Brown worries about head shots

MORRIS DALLA COSTA, QMI Agency

, Last Updated: 4:12 PM ET

MITCHELL, Ont. -- The Ontario Hockey Associated has mandated that all on-ice officials wear neck guards in the wake of an accident that almost cost linesman Kevin Brown his life.

There was also a call for fighting to be banned.

But Brown -- who had his throat punctured by a skate while he was breaking up a fight in a Junior C game and suffered a stroke in the aftermath -- thinks hockey has a bigger problem.

Brown, who is still recovering, is in full support of the neck guards. But he believes that shots to the head are a bigger issue than fighting.

"It's the head shots," Brown said. "That leads to brain injury ... that is what I am dealing with now. When I was in hospital, the one hit I saw a lot of (on television) was the Cormier hit (Patrice Cormier hit Mikael Tam in the Quebec Major Junior Hockey League with an elbow.) That's the big push right now, to get rid of head shots."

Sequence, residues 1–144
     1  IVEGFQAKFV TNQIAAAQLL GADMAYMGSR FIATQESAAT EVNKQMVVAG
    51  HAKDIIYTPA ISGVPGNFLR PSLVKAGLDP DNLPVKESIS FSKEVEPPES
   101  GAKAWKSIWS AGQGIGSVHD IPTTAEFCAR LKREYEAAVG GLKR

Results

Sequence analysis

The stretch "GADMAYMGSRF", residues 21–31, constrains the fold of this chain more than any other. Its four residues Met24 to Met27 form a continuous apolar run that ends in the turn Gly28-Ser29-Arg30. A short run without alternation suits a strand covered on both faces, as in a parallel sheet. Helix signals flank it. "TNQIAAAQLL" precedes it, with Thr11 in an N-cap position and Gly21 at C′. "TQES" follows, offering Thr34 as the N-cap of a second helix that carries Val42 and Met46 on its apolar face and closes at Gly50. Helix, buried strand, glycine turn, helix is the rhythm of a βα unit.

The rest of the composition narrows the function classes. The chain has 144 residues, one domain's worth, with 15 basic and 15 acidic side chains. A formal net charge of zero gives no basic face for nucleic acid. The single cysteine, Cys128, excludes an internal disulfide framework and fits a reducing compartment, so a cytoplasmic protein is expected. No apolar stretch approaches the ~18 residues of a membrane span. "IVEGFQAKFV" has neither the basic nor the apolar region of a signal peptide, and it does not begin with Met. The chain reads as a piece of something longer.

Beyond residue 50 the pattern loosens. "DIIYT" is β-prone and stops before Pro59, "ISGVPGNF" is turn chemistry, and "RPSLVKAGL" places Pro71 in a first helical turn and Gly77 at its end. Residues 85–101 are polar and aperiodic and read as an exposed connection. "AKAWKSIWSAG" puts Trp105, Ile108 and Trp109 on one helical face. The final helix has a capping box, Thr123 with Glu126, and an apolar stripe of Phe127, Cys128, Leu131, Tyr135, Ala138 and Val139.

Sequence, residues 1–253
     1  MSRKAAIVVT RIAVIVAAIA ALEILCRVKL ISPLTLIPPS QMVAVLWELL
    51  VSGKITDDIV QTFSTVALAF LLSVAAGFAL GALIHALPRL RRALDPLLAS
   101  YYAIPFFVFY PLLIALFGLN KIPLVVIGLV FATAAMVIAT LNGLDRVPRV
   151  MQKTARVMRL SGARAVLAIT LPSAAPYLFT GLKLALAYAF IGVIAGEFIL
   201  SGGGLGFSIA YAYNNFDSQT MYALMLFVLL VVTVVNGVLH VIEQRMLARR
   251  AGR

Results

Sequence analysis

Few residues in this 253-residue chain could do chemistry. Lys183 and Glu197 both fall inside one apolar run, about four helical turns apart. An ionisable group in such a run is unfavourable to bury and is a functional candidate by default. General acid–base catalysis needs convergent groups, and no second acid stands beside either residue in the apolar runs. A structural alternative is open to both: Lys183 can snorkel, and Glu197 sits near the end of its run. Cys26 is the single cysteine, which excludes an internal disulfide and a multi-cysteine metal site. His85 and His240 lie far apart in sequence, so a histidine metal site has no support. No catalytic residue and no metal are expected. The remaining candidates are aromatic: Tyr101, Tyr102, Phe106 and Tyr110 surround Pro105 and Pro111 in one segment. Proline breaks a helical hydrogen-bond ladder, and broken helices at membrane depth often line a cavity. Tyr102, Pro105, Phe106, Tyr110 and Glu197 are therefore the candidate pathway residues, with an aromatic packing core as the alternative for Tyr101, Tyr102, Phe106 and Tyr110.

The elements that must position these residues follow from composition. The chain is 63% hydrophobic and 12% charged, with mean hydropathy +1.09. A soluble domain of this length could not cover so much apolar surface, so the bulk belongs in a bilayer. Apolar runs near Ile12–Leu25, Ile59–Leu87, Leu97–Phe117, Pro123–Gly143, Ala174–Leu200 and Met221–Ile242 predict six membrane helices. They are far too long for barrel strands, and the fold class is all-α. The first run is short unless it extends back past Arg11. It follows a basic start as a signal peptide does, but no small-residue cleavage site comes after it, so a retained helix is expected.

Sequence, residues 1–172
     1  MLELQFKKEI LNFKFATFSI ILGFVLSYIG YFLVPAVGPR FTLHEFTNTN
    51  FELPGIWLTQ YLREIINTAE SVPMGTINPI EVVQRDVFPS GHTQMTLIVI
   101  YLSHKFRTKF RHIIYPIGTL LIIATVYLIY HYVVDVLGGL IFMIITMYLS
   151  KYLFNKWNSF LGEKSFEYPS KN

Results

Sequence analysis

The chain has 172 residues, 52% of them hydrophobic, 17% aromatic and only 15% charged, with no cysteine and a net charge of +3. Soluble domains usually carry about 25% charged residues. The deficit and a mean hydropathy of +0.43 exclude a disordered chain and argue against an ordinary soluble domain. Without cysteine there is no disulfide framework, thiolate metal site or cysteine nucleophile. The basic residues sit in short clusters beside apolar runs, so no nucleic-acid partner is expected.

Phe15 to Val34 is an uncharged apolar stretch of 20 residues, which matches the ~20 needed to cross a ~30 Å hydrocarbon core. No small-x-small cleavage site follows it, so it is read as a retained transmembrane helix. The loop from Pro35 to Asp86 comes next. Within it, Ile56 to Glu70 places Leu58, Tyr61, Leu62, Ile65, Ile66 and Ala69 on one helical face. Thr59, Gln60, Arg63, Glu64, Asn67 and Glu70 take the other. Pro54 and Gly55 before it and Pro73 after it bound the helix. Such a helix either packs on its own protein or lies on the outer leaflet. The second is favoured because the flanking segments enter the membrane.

Brown also believes that whenever a new rink is built, the ice surface should have bigger specifications.

"The bigger ice makes for a quicker game, less physical," he said. "Older, smaller rinks play more to a bang 'em and bruise 'em style."

Brown thinks suspensions should play a big part in cleaning up the game. High school games carry tougher suspensions for fighting than minor hockey games do.

"I have seen kids in an afternoon (school) game play fine, and then referee them that night in minor hockey and they are complete idiots," Brown said.

"Is that because of the tougher suspension for fighting in high school hockey?"


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